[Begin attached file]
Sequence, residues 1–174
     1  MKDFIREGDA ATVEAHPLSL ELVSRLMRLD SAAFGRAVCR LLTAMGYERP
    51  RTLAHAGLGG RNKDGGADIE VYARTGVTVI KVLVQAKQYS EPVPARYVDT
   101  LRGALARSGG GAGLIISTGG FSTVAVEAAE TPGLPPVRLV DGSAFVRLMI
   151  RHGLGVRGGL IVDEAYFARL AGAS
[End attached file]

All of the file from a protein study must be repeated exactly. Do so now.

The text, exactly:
Sequence, residues 1–174
     1  MKDFIREGDA ATVEAHPLSL ELVSRLMRLD SAAFGRAVCR LLTAMGYERP
    51  RTLAHAGLGG RNKDGGADIE VYARTGVTVI KVLVQAKQYS EPVPARYVDT
   101  LRGALARSGG GAGLIISTGG FSTVAVEAAE TPGLPPVRLV DGSAFVRLMI
   151  RHGLGVRGGL IVDEAYFARL AGAS